Neuropathy symptoms generally begin with a small tingle in the fingers or toes. This lack of sensation eventually works its way to the hands and feet, causing a burning sensation, leaving you in a lot of pain.
When you were a child, did you ever create a telephone by tying two paper cups to a string? You held a cup at your end and your friend held her cup at the other. As the string was pulled taut you would whisper your secret message into the cup and your words would magically travel to the other end. If the line was relaxed or cut you could continue to talk but your message would never reach its destination. Like the string on your imaginary phone, your nerves communicate messages back and forth from your brain to the other areas of your body. If any nerves are damaged by exposure to high blood sugar levels for a sustained period of time, typically many months or even years, the signal sent by your brain will either be weakened or interrupted all together.
Diabetic neuropathies are a family of nerve disorders which are caused by diabetes. People suffering from diabetes can, through time, develop nerve damage throughout their body. In fact, statistics show that approximately 60 to 70 percent of people with diabetes have some form of neuropathy. Some people who have nerve damage may exhibit no symptoms however others may have neuropathy symptoms such as pain, tingling, or numbness—loss of feeling—in the hands, arms, feet, and legs. Nerve problems can occur in every organ system, including the digestive tract, heart, and sex organs.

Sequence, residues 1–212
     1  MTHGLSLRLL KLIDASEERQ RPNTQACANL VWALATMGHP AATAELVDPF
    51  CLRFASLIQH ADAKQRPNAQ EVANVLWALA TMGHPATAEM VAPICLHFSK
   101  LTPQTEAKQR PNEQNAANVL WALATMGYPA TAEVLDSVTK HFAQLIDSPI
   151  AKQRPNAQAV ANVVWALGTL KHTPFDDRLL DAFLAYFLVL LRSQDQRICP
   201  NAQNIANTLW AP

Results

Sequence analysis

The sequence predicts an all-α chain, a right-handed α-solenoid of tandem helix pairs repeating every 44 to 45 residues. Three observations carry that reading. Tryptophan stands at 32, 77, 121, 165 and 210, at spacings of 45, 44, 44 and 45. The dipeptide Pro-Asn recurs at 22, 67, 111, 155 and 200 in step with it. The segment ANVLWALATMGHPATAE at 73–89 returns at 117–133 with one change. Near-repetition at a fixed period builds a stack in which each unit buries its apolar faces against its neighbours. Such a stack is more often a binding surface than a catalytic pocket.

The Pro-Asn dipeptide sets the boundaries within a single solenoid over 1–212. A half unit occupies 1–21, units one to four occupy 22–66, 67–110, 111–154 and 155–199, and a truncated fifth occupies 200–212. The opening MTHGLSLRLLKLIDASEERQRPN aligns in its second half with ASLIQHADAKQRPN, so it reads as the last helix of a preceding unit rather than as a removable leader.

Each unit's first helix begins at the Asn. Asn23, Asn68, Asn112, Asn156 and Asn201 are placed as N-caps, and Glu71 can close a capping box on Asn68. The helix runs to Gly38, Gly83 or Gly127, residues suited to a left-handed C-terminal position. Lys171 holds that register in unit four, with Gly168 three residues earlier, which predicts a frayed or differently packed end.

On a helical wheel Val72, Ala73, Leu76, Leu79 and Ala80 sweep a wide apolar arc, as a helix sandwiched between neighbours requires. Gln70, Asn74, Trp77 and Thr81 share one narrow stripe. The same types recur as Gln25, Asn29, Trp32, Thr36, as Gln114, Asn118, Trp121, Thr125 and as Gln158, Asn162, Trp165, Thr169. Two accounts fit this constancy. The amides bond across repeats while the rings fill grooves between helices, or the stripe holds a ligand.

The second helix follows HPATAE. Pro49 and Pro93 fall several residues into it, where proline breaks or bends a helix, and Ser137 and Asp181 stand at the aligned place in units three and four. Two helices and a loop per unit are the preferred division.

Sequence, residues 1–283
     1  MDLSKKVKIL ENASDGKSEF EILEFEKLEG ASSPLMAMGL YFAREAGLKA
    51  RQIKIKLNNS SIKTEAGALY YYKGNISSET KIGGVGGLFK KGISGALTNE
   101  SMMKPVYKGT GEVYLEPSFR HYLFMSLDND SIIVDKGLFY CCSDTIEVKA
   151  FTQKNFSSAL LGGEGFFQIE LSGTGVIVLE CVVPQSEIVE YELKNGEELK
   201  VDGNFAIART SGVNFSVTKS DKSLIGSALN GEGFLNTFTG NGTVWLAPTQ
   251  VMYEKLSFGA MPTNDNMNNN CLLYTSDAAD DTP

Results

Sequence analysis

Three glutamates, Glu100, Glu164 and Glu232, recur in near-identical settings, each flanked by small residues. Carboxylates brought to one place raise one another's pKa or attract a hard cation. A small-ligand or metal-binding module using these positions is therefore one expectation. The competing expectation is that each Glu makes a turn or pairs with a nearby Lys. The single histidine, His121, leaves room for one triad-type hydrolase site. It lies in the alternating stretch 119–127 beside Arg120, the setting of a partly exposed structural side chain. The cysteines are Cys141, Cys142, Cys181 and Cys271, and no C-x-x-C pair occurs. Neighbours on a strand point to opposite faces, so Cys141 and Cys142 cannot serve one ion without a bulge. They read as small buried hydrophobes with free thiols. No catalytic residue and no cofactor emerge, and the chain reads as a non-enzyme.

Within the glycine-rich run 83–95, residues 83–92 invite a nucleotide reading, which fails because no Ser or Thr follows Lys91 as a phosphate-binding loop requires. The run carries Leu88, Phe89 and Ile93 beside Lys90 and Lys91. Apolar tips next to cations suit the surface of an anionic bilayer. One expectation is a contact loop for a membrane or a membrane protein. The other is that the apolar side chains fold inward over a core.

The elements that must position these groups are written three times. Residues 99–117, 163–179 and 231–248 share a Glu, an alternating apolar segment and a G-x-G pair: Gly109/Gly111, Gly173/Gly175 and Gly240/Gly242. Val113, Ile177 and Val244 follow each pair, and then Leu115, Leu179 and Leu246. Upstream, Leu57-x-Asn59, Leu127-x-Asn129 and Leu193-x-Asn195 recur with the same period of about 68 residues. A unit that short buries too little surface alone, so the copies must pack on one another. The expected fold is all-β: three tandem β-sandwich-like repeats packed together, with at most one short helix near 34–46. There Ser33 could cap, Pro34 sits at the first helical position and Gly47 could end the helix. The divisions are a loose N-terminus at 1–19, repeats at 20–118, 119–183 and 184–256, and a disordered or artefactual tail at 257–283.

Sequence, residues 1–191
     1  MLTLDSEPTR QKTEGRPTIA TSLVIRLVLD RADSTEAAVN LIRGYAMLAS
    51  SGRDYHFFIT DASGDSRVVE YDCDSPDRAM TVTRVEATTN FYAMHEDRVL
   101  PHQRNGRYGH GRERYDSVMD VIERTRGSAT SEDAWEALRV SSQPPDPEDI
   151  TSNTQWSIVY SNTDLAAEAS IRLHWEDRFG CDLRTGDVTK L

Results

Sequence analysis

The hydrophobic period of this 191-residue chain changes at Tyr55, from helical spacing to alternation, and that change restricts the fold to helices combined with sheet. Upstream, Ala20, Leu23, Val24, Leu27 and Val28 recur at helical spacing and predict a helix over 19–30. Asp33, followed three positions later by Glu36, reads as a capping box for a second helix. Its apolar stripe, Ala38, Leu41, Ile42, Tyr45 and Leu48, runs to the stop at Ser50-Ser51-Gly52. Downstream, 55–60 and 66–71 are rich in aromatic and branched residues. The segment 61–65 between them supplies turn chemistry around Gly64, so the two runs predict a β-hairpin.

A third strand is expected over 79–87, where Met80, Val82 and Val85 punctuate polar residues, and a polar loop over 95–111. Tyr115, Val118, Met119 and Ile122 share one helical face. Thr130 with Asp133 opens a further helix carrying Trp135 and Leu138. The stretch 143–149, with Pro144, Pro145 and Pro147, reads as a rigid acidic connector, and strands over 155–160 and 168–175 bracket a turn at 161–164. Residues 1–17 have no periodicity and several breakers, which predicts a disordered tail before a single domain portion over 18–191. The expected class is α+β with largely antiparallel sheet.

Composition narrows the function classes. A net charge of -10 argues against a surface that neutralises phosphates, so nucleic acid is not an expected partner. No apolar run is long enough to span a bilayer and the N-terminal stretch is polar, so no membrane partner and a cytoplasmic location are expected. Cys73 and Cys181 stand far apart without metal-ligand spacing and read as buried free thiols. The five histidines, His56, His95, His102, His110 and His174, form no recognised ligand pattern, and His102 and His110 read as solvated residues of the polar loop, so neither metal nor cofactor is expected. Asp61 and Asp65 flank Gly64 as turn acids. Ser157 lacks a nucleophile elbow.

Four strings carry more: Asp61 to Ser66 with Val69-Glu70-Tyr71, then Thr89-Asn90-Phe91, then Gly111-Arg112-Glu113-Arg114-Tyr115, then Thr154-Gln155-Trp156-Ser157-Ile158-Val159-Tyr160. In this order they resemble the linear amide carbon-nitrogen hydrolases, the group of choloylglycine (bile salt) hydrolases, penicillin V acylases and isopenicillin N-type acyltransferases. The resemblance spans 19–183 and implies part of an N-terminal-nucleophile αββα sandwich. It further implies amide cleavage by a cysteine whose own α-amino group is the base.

While people who have diabetes can develop nerve problems at any time the risk increases with age and longer duration of diabetes. Studies show that the highest rates of neuropathy are among people who have had diabetes for at least 25 years. Diabetic neuropathies also appear to be much more common for those who have difficulties controlling their blood sugar, as well as those with high levels of blood fat and blood pressure and those who are overweight.
People with diabetes can lower their risk for neuropathy by keeping their blood glucose, blood pressure, and cholesterol levels close to the target numbers their health care provider recommends. Being physically active, maintaining a healthy weight and nutritional supplementation can also help prevent the long-term complications of diabetes. For those who smoke, quitting will lower the risk of developing neuropathies as well as lower the risk for other health problems related to diabetes, including heart attack, stroke, and kidney disease.